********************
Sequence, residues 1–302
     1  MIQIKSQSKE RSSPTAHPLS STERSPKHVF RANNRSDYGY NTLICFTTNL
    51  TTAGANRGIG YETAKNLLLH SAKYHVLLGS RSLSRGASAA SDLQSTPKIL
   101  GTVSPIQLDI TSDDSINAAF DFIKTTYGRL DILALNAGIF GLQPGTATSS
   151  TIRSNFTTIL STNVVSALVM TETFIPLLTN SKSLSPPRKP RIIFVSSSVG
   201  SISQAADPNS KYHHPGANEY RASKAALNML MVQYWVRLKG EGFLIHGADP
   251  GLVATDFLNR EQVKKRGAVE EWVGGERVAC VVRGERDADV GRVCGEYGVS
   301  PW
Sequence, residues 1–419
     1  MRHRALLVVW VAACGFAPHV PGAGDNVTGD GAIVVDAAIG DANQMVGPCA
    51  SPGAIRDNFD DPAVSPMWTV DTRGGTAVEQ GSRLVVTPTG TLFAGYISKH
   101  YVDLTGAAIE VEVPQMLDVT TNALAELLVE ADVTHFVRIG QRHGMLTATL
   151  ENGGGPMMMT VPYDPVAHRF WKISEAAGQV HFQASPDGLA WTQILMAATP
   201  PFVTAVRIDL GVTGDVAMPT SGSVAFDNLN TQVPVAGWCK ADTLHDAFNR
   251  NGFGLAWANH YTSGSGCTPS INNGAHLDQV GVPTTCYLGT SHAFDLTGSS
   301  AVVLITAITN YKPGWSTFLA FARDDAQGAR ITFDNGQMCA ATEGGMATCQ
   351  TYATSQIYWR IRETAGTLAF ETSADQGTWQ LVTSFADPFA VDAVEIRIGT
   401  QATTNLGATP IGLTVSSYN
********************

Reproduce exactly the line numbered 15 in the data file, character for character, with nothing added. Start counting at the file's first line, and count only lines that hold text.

   251  NGFGLAWANH YTSGSGCTPS INNGAHLDQV GVPTTCYLGT SHAFDLTGSS